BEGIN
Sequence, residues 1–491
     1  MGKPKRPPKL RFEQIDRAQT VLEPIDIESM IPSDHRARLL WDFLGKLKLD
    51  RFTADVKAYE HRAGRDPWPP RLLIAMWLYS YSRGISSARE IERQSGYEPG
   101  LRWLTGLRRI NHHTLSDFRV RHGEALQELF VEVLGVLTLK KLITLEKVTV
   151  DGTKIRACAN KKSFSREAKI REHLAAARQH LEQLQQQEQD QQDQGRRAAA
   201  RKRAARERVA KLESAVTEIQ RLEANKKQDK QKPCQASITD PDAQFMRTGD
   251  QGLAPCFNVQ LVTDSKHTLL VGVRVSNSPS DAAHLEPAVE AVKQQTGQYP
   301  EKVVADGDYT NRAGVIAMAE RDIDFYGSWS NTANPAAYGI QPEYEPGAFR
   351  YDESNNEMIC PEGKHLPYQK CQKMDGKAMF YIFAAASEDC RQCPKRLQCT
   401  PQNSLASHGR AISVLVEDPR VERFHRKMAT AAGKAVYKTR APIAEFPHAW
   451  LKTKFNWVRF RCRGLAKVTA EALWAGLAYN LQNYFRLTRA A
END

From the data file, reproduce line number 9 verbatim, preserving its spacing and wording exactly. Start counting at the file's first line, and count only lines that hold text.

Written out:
   351  YDESNNEMIC PEGKHLPYQK CQKMDGKAMF YIFAAASEDC RQCPKRLQCT